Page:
Fig. 8.
Expression pattern of cdk-like genes from spikes of wild-type wheat (Chinese Spring; CS) and the Ph1 mutant. Total RNA was extracted from spikes of CS and the Ph1 mutant and used in a semi-quantitative RT–PCR amplification. All PCR components ...

DISCUSSION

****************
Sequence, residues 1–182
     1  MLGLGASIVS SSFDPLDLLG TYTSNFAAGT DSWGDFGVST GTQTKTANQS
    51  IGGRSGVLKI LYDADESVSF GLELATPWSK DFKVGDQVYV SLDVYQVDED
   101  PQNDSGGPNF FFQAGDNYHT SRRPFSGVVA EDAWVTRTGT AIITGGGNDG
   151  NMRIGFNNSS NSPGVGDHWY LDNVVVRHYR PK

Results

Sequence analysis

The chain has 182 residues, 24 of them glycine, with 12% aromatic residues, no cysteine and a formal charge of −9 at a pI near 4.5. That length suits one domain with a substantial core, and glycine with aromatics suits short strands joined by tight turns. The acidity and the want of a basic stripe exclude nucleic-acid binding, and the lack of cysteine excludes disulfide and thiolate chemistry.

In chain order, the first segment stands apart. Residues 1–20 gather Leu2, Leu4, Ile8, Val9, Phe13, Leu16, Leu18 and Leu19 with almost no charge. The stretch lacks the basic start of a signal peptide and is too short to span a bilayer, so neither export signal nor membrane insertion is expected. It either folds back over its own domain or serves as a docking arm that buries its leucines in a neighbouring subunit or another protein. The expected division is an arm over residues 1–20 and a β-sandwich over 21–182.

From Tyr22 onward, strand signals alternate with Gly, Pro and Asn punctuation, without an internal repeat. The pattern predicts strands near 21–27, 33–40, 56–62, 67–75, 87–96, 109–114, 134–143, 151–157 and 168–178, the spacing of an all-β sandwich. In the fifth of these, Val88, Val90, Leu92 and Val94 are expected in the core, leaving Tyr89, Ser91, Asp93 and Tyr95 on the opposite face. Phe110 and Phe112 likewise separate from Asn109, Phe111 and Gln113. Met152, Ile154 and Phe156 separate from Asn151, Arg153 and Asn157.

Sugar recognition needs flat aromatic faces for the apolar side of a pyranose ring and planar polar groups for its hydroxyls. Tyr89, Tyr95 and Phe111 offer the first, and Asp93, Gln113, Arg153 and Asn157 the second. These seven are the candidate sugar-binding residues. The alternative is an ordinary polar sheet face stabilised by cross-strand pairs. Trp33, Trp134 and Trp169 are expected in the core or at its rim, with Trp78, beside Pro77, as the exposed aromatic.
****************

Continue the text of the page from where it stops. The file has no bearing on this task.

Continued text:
Previously, the Ph1 locus had been defined to a 2·5 Mb region containing a cdk-like gene cluster within which a segment of sub-telomeric heterochromatin had inserted following wheat's polyploidization (Griffiths et al., 2006). Here the identification of mutants carrying further deletions encompassing the 2·5 Mb Ph1 region has been described. In particular, it has been shown that it is possible to generate deletions of 500 kb upwards in hexaploid wheat with reasonable frequency after γ-irradiation. The ability to generate deletions with such a high frequency enables a complex locus such as Ph1 to be defined. This approach could make it easier to fine map physically those genes controlling agronomic traits lying in regions of reduced recombination. The characterization of the new deletions covering the 2·5 Mb region presented here is consistent with the original proposal that defined the Ph1 locus to a region containing a cdk-like gene cluster. The original analysis indicated that this region of 5B contained a segment of sub-telomeric heterochromatin inserted within this cdk-like cluster, making it distinct from the corresponding cdk-like gene clusters on 5A and 5D. The more detailed BAC library analysis in the present study, covering the cdk loci on 5B, 5A and 5D, reveals not only that the region is distinct in possessing a segment of heterochromatin, but also that the cdk-like cluster on 5B is itself unique compared with the equivalent clusters on 5A and 5D. There are in fact seven cdk-like genes on 5B compared with at least five on 5A and two on 5D. The sequence analysis data suggest that these structures arose through tandem duplication events. The Ph1 phenotype is specific to chromosome 5B. The expression profiling reveals that the region defined as containing the Ph1 locus also contains the only cluster of genes expressed specifically from 5B in the whole region analysed. The genes in the flanking regions are mostly transcribed from genes located on 5A. Five of the cdk-like genes are transcribed, including unusually the two pseudogenes cdk-like B6 and cdk-like B7. None of the other pseudogenes identified are expressed. It is possible that the transcription of these two pseudogenes may therefore be connected to the presence of the sub-telomeric heterochromatin segment which inserted between them. The transcripts generated from these two pseudogenes could be non-coding and may be involved with the functional cdk-like transcripts in a small RNA-based interference mechanism. Hexaploid wheat may possess a mechanism for regulating and sensing the total level of transcripts in the cell which can be derived from the homoeologues. In cases where most of the transcription is derived from the genes located on 5B (cdk-like genes, storage protein-like gene clusters and mic1), the deletion of these genes does not necessarily affect the total level of transcription as the genes located on 5A or 5D can compensate for the loss of transcription from the 5B copies. However, the expression studies do indicate that the cdk locus on 5B is dominant in terms of transcription control over corresponding cdk loci on 5A and 5D. The increase in expression from the 5A or 5D cdk-like loci may explain the Ph1 effects observed on chromosome synapsis (Holm, 1986, 1988). During early meiosis, chromosomes can engage in multiple associations during synapsis. Later in meiosis, these associations are resolved in the presence of Ph1, while many associations are still maintained in the absence of Ph1. Disruption of chromosome pairing usually causes a lengthening in the time taken to complete meiotic prophase I. Yet despite the disruption to chromosome pairing, meiotic prophase I is not longer in the absence of Ph1 than in its presence (Bennett et al., 1974). This implies that in the absence of Ph1, something is induced which over-rides the checkpoint mechanism and speeds up the completion of meiotic prophase I. The induction of expression of the 5A cdk-like genes may be responsible for this phenotype and the consequential inability to resolve incorrect associations within the timeframe available. Equally, it has been observed that increasing the dosage of the 5B Ph1 locus results in disruption of chromosome pairing (Feldman, 1966). Increasing the dosage of the 5B cdk-like locus may result in oversuppression of the cdk-like loci on 5A and 5D, resulting in aberrant chromosome pairing.